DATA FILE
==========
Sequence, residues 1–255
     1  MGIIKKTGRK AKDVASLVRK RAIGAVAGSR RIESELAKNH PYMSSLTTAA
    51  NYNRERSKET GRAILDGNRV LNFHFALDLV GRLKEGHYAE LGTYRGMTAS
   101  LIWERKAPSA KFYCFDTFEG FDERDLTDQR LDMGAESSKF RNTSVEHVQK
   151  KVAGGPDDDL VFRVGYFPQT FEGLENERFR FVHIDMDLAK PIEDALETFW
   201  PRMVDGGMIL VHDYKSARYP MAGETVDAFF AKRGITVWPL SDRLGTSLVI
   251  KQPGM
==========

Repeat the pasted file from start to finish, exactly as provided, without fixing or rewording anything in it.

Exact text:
Sequence, residues 1–255
     1  MGIIKKTGRK AKDVASLVRK RAIGAVAGSR RIESELAKNH PYMSSLTTAA
    51  NYNRERSKET GRAILDGNRV LNFHFALDLV GRLKEGHYAE LGTYRGMTAS
   101  LIWERKAPSA KFYCFDTFEG FDERDLTDQR LDMGAESSKF RNTSVEHVQK
   151  KVAGGPDDDL VFRVGYFPQT FEGLENERFR FVHIDMDLAK PIEDALETFW
   201  PRMVDGGMIL VHDYKSARYP MAGETVDAFF AKRGITVWPL SDRLGTSLVI
   251  KQPGM